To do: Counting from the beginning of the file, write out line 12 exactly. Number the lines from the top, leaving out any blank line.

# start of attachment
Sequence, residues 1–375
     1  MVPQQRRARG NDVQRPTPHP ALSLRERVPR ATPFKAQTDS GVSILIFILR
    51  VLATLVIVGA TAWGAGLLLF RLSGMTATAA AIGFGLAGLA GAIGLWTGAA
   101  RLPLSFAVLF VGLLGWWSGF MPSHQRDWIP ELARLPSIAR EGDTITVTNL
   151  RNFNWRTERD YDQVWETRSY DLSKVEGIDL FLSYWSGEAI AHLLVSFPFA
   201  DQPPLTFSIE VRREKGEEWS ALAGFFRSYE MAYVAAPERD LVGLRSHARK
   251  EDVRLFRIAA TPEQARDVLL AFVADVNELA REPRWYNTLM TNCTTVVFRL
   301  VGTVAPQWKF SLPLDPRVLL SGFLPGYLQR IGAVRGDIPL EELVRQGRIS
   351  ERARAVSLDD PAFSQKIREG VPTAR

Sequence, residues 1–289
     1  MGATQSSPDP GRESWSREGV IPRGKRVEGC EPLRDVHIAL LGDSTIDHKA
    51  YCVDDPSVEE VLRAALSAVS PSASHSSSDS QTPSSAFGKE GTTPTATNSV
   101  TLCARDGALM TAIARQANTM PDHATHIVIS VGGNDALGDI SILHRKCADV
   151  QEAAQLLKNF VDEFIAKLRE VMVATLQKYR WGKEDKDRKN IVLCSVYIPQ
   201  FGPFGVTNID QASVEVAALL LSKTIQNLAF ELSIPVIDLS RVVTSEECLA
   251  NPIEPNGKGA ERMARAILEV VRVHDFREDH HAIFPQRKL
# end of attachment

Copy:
    51  YCVDDPSVEE VLRAALSAVS PSASHSSSDS QTPSSAFGKE GTTPTATNSV